Meet the Breakthru 2017 Winners – WEnTech Solutions

In 2015 a friend approached Amir Akbari with a challenge.

“He needed help with a client – a municipal waste site, with 25 years of garbage,” explains Akbari. “They wanted to do something with that waste. They wanted to efficiently understand their options related to converting their waste into energy.”

Waste-to-energy is an evolving discipline that encompasses projects that convert garbage – municipal, agricultural, marine, or forestry-related waste – into useful products like heat, electricity, or even biochemicals.

“Waste-to-energy projects are run by consulting engineers, who are trained to evaluate a wide array of contributing variables before making a recommendation to a client on how to proceed,” says Akbari. “They can do that evaluation manually, or they can do it with the help of a software tool.”

The variables that must be considered for a waste-to-energy project are many: site election, environmental considerations, the local regulatory framework, technology options, financial scenarios, and more.

Akbari asked fellow UNB student and PhD candidate Farough Motasemi to join him in developing a software solution for their client, and it quickly became clear that they were creating a tool that would improve upon existing software in the market.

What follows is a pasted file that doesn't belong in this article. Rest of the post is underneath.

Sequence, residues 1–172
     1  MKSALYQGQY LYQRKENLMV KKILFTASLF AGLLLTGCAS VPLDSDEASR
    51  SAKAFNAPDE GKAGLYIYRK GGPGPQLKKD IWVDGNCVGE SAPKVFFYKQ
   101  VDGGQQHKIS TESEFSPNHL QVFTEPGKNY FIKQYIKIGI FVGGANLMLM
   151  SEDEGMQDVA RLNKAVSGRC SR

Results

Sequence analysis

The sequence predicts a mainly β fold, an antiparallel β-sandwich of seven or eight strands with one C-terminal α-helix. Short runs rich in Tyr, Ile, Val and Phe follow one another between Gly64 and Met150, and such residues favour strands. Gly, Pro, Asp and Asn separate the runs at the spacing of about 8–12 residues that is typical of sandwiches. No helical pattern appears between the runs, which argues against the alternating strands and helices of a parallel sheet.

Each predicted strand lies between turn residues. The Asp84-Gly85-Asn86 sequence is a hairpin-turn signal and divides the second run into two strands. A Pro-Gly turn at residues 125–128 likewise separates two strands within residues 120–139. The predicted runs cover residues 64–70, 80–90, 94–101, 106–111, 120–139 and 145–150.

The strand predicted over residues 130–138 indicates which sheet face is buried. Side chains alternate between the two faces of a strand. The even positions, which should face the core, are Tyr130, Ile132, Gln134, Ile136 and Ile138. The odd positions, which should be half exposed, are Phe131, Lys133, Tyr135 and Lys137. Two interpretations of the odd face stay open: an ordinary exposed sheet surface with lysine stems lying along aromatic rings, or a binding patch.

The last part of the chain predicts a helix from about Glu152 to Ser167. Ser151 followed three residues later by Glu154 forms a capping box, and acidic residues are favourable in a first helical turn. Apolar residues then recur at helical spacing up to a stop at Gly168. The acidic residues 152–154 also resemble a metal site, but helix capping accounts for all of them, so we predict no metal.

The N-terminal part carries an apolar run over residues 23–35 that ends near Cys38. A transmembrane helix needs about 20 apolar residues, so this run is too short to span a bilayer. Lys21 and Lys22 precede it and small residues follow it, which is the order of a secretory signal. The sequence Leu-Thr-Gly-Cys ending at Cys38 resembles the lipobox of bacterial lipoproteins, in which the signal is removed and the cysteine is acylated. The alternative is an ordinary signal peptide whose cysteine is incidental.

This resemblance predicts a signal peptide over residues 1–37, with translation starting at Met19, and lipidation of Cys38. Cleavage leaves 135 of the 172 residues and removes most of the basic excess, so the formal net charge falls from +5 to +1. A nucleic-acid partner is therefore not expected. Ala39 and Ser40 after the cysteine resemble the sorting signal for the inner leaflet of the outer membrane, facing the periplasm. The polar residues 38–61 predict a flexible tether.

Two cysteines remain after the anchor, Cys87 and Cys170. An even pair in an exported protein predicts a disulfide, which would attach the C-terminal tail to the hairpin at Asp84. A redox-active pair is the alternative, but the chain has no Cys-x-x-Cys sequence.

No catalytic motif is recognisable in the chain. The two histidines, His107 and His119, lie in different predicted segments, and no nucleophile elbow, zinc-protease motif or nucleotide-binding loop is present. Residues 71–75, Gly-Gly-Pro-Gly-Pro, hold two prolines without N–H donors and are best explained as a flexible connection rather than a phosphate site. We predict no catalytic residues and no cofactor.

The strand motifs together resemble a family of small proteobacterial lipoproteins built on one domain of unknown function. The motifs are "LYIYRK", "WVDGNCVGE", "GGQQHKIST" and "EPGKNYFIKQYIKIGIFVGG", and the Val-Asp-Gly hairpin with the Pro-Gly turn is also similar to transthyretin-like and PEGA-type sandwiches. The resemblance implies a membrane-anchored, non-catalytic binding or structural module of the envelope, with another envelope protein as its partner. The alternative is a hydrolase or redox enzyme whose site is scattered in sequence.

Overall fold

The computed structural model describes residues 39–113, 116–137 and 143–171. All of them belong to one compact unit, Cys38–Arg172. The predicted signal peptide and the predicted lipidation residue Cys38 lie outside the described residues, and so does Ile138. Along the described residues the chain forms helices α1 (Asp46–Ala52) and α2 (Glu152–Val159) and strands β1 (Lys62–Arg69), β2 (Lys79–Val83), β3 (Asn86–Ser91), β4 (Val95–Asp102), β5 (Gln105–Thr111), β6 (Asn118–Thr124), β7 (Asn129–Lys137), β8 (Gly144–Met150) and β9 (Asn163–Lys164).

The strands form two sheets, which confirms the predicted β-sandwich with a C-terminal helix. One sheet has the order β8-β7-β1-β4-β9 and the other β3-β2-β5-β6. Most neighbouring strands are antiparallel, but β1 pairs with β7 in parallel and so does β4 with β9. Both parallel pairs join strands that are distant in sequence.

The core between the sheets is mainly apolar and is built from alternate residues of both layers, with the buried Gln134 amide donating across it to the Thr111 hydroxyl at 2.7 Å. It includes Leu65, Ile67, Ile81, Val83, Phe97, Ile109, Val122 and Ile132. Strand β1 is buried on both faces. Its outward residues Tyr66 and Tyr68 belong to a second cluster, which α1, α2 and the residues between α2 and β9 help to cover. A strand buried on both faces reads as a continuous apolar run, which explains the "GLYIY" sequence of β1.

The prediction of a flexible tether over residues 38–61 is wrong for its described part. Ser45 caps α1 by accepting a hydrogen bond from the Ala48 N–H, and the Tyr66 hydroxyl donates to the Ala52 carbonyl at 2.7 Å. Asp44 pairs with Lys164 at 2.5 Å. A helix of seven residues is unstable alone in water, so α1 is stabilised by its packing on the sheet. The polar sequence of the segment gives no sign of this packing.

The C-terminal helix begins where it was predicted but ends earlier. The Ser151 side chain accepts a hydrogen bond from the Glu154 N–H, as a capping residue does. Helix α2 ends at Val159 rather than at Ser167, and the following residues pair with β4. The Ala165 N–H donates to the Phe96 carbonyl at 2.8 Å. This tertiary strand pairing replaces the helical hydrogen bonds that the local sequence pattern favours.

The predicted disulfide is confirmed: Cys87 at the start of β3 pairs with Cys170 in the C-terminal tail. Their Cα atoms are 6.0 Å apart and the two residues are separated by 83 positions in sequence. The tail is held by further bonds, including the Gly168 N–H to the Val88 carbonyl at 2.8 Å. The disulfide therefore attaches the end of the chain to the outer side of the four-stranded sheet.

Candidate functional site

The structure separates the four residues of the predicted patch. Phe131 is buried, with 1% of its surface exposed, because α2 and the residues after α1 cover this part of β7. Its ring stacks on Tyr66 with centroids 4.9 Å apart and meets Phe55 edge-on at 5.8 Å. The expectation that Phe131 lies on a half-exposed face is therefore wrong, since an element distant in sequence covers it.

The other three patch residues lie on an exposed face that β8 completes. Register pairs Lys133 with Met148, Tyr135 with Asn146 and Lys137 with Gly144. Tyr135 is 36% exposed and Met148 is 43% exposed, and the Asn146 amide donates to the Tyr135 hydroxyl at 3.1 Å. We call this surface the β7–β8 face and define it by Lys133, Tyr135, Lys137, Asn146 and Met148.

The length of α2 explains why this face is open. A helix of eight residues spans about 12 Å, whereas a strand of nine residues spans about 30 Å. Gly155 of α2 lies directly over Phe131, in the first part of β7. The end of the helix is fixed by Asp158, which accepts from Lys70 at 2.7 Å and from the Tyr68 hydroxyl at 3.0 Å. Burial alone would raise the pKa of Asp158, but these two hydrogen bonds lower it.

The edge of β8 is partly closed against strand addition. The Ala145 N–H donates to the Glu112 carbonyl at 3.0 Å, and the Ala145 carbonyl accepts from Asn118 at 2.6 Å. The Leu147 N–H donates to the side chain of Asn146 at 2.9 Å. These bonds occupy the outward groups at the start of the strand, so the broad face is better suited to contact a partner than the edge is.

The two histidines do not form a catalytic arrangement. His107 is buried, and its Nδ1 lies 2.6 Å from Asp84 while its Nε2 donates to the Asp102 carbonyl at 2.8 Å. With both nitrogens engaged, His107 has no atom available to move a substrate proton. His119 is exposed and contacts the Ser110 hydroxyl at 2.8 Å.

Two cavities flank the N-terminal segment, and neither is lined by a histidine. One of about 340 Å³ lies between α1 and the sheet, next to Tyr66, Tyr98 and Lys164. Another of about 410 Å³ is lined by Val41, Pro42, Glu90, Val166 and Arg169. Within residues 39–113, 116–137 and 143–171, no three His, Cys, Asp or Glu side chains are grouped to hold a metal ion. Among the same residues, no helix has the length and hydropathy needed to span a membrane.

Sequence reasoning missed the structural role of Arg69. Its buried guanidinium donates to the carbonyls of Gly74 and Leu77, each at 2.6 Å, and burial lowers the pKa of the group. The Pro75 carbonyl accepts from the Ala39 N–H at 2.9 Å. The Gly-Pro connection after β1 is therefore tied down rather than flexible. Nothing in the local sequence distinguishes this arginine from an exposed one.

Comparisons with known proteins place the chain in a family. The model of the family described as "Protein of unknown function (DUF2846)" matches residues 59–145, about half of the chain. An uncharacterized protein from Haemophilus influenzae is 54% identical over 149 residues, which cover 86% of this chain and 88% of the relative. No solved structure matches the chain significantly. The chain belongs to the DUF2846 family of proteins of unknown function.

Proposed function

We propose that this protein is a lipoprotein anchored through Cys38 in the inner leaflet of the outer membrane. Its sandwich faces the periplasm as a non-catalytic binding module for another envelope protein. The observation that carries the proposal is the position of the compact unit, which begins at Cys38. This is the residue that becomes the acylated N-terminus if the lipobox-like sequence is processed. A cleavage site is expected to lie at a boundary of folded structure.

“In December we formed WEnTech Solutions Inc. Six months later we had a minimum viable product, and our first project was complete,” says Akbari.

The WEnTech system automates project workflow, drawing on proprietary databases to model waste-to-energy conversion solutions for clients over the short and long term.

“Our software reduces the amount of time to do this manual analysis by 90%,” explains Akbari. “This means our customers can take on more work without hiring people.”

WEnTech also offers customers a more holistic picture of their project.

“Right now you have to buy multiple products to get the same functionality we offer, and we’re much easier to use – requiring 10-15 data points to get started, compared to up to 250 with some competitive products,” says Akbari.

The team, now numbering four with the addition of Kevin Shiell and Kenneth Kent, is currently working on a second project and have others in negotiation.

“We are ready to scale up and hire more developers,” says Akbari. “We are looking to raise funds, and that’s how we came upon the Breakthru competition.”

Akbari says the timing was perfect.

“The Breakthru process has been great,” he says. “We have learned a lot, and enjoyed the coaching aspect of the competition.”

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